Infrastructure bill heads to President Biden’s desk

Nov. 14, 2021

On Friday, Nov. 5, the U.S. House of Representatives passed the bipartisan $1.2 trillion infrastructure package, three months after it passed the U.S. Senate last August. President Biden has said that he will sign it into law on Monday, Nov. 15.

The bill contains $550 billion in new federal spending which will be largely invested over the next five years. It was passed separately from a larger social spending bill to which it was originally tied.

The infrastructure bill sets aside tens of billions for water infrastructure, transportation needs, broadband buildouts, cybersecurity and resiliency, among other things. It marks $284 billion for transportation, $55 billion for water, $65 billion for broadband, $73 billion for energy and power, $21 billion for environmental remediation, $8.3 billion for western water infrastructure (to address drought conditions) and $46 billion for resiliency purposes.

Other priorities in the sweeping spending package include updating infrastructure to stand up against extreme weather events, flood prevention, watershed protection, ecosystem restoration and grid resilience. It replenishes and expands grants like the Energy Efficiency and Conservation Block Grant, which is intended to help local governments promote energy efficiency and advance renewable energy projects.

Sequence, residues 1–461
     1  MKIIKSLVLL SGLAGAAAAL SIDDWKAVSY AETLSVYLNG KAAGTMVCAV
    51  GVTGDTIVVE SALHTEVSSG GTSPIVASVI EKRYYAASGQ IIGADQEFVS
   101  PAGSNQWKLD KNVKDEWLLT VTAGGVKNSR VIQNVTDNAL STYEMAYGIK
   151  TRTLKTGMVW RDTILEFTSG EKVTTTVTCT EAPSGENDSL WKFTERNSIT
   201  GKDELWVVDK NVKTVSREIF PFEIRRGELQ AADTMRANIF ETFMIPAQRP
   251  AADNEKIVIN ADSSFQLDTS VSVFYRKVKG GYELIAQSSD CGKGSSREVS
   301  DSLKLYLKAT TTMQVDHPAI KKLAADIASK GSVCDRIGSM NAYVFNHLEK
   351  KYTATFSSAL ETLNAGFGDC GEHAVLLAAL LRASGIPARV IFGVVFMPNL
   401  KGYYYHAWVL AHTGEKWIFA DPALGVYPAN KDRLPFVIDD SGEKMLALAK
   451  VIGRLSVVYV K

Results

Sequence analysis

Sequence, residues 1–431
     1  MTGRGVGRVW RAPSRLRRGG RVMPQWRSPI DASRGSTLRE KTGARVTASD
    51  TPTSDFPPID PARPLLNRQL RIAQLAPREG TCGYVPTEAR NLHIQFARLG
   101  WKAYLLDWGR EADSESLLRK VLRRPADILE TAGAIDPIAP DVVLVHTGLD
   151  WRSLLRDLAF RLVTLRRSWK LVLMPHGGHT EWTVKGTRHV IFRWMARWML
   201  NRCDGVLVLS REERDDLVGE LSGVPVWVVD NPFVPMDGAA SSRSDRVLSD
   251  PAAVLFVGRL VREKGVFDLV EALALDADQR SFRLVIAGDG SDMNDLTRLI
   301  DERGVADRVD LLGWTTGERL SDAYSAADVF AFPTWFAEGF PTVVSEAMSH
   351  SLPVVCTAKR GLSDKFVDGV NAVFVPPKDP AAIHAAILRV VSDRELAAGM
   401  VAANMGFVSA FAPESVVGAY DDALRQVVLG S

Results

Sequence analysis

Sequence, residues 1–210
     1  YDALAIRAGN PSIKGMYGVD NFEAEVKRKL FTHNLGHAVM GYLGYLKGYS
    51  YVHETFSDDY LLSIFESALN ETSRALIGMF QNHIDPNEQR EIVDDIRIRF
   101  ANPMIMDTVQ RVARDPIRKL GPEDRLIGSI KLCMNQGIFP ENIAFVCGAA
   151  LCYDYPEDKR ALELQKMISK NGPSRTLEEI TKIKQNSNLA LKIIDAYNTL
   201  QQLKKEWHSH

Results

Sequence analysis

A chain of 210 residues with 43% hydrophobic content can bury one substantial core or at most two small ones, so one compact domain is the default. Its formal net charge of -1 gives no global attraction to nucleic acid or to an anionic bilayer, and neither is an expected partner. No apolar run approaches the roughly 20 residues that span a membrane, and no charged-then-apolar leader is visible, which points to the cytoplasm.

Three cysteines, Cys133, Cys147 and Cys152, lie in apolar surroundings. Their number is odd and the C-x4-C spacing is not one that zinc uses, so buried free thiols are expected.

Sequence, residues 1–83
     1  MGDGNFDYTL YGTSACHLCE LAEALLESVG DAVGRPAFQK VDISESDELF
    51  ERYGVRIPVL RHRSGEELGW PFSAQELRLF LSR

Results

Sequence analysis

The money for the infrastructure projects will be run through a series of long established and complex funding formulas that determine how much each state’s Department of Transportation (DOT) will receive. A smaller portion of that money will go into discretionary grants that DOTs will award as part of competitions. The formulas are baked into statute and based on things like a state’s population, how many miles of roads it has or what its road fatality numbers are. The competitive grant program is at the sole discretion of the DOT and any state or city that’s eligible for those funds can apply. Infrastructure projects at this level tend to move slowly, because these typically are larger, multi-year projects.

Look for more information in Rental Pulse, in the near future, for details on this legislation and how it could benefit the equipment and event rental industry.

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